11. The fuel nozzle of claim 5, further comprising:
a valve stem connected to said nozzle valve at a distal region and coupled to said operating handle at a proximal region; and
a sleeve disposed around said valve stem and having a proximal region and distal region, said sleeve guiding said valve stem;
said bias member disposed between said proximal region of said sleeve and said distal region of said valve stem when said nozzle valve is in said fully extended position.
12. The fuel nozzle of claim 5, further comprising:
a valve stem connected to said nozzle valve at a distal region and coupled to said operating handle at a proximal region; and
a sleeve disposed around said valve stem and having a proximal region and a distal region, said sleeve guiding said valve stem;
said bias member compressed between said proximal region of said sleeve and said distal region of said valve stem when said nozzle valve is in said fully extended position.
13. The fuel nozzle of claim 12, further comprising said valve stem connected to said crankshaft at said proximal region and adapted to push said nozzle valve into said fueling adapter, thereby opening a delivery flow path.
14. The fuel nozzle of claim 1, wherein said cradle includes a top portion shaped to conform to the diameter of the said crankshaft, and a center portion being interrupted to allow for rotation of said crank arm of said crankshaft.
15. The fuel nozzle of claim 14, wherein said nozzle valve and said adapter valve are poppet valves.
16. A fuel servicing nozzle for mating with a fueling adapter having an adapter valve biased towards a closed position to prevent fuel flow, said fuel servicing nozzle comprising:
a nozzle body defining an interior passage;
a crankshaft extending transversely across the entire diameter of said interior passage of said nozzle;
a web having a generally flat wall extending radially outwardly with sides contacting a sidewall of said interior passage;
a cradle formed on top of said web and being supported by said web, said cradle supporting said crankshaft;
a nozzle poppet valve coupled to said nozzle body and in communication with said crankshaft, said nozzle valve for sealing fuel flow when at a fully closed position and allowing fuel flow when at a fully open position;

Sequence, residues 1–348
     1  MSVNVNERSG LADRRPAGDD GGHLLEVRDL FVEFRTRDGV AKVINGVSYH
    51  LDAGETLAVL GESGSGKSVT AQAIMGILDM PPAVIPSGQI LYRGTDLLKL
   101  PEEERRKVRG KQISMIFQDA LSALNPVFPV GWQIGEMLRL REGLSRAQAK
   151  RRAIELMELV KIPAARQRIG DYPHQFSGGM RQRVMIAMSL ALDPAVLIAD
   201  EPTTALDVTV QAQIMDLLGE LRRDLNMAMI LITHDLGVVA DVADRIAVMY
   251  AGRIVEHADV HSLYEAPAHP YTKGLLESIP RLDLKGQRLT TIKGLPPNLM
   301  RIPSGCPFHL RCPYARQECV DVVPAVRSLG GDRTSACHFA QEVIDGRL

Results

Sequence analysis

wherein said nozzle valve pushes said adapter valve in an open direction when said fuel nozzle is coupled to said fueling adapter and moved to said fully open position; and
wherein intimate contact between said adapter valve and said nozzle valve is maintained by said adapter valve being biased in the closed direction such that said adapter valve directs an upstream directed force onto said nozzle valve;
wherein said upstream directed force onto said nozzle valve maintains said nozzle valve in said fully open position;
a bias member coupled to said nozzle valve and adapted to maintain said nozzle valve in said fully open position when said intimate contact between said adapter valve and said nozzle valve is disrupted and when said adapter valve is no longer able to direct said upstream directed force onto said nozzle valve.
17. The fuel nozzle of claim 16, wherein said bias member is a spring.
18. The fuel nozzle of claim 17, further comprising:
a valve stem coupled to said nozzle valve at a distal region and coupled to said crankshaft at proximal region;
wherein rotation of said crankshaft causes said crankshaft to translate a rotating motion to an axial motion of said valve stem; and
wherein said crankshaft rotates to “past bottom dead center” when said nozzle valve is at said fully open position, wherein said crankshaft is biased to remain at “past bottom dead center” by said bias member.
19. The fuel nozzle of claim 18, further comprising:
a sleeve disposed around said valve stem and having a proximal portion and a distal portion, said sleeve guiding said valve stem;
said bias member disposed between said proximal portion of said sleeve and said proximal portion of said valve stem; and
said bias member being compressed when said nozzle valve is at said fully open position such that said bias member directs an upstream directed force onto said nozzle valve.
20. The fuel nozzle of claim 18, further comprising:
a sleeve disposed around said valve stem and having a proximal portion and a distal portion, said sleeve guiding said valve stem;
wherein a first end of said bias member abuts against said proximal portion of said sleeve and a second end of said bias member abuts a proximal portion of said valve stem when said nozzle valve is at said fully open position.
21. The fuel nozzle of claim 18, further comprising:
a nose seal disposed at a distal region of said nozzle body, said nose seal forming a fuel seal when compressed by said nozzle valve;